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Keeping It Simple: Easy Ways to Help Wildlife Along Roads

Installing sea turtle-friendly lights on a bridge

Federally endangered loggerhead sea turtles lay their eggs on beaches, and the beaches on Georgia's barrier islands south of Savannah are no exception. After the young are hatched, they migrate back to the water during the night, using the moon for guidance. To keep lights on the 4,000 foot-long, cable-stayed Sidney Lanier Bridge from disorienting the migrating turtles, the Georgia Department of Transportation worked with the U.S. Coast Guard and the U.S. Fish and Wildlife Service to install a minimum number of lights on both the bridge deck and the approach road and to use shielded low-sodium, low-wattage lights that cut glare and light scatter. Since every season there are an estimated 100-120 turtle eggs laid in each nest on the island beaches and on average approximately 64,000 of the nestlings make it to the water, the lights may protect a large number of turtles.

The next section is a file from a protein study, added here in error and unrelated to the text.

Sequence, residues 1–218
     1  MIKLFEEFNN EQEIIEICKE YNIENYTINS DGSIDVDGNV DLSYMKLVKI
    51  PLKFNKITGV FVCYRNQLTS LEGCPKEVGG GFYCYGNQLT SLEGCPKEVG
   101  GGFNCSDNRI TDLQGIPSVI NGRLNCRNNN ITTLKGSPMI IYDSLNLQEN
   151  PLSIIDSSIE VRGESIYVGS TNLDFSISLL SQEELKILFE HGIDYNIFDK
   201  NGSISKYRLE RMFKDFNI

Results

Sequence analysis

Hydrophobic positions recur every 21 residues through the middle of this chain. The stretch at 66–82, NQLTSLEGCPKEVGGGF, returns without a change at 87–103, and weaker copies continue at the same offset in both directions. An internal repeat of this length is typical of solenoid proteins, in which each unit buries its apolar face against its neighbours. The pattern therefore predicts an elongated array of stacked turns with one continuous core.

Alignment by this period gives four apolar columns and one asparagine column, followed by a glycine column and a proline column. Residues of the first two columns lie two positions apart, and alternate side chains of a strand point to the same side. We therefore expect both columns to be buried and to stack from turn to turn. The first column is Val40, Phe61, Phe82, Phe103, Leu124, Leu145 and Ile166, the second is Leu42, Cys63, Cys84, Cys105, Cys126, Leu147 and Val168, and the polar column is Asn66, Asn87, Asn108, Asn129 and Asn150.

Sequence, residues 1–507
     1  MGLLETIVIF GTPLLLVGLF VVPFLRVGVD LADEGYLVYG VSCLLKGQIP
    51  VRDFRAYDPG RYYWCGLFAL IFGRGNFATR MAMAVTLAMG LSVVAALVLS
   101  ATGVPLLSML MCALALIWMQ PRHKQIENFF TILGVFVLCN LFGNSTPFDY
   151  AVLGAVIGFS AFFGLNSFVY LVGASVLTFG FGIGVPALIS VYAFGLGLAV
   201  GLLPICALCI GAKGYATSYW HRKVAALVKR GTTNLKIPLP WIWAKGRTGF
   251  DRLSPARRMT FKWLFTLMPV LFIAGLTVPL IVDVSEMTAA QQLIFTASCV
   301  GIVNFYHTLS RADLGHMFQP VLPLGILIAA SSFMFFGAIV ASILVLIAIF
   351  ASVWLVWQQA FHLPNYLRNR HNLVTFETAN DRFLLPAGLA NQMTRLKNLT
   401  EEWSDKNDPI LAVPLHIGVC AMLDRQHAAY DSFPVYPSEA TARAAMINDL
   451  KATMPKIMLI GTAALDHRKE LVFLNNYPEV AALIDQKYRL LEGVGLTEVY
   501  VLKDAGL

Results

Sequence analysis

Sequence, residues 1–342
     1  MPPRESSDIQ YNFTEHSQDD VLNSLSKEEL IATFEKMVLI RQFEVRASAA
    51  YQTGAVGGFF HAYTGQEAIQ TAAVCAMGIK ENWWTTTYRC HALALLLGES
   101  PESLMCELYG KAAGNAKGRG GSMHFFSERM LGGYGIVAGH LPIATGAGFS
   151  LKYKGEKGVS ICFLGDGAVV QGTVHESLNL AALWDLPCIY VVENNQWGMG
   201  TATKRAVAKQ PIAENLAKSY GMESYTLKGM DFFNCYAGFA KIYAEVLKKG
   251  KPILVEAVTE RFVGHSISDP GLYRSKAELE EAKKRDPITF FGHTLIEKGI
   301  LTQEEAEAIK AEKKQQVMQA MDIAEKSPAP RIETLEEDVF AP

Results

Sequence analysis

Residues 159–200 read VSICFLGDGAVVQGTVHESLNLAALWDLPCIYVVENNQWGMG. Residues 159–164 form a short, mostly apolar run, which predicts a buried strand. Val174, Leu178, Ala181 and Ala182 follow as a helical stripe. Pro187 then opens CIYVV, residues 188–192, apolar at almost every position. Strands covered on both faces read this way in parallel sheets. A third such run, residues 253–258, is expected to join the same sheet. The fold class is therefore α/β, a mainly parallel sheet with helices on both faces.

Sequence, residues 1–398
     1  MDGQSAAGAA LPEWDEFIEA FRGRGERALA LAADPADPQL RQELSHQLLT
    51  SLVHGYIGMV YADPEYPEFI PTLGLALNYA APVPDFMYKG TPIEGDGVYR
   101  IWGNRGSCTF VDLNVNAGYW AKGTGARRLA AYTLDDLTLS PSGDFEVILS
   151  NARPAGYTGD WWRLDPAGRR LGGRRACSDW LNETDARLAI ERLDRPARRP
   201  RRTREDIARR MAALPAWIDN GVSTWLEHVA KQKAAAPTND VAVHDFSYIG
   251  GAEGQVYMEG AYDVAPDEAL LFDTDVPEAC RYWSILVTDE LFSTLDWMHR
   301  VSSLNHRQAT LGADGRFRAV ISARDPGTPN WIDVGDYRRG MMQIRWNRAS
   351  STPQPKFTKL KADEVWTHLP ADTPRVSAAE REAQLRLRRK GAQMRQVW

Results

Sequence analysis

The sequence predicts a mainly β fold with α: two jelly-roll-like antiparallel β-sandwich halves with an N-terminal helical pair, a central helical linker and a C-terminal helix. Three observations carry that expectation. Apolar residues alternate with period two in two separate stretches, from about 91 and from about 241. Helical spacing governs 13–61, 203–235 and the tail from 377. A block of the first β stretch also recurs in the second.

--Apr 25, 2003

Lisa Westberry, (404) 699-4433 or lisa.westberry@dot.state.ga.us

Loggerhead sea turtle
U.S. Fish and Wildlife Service photo
Loggerhead sea turtle

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On or Near Bridges - Georgia
Updated: 12/12/2012
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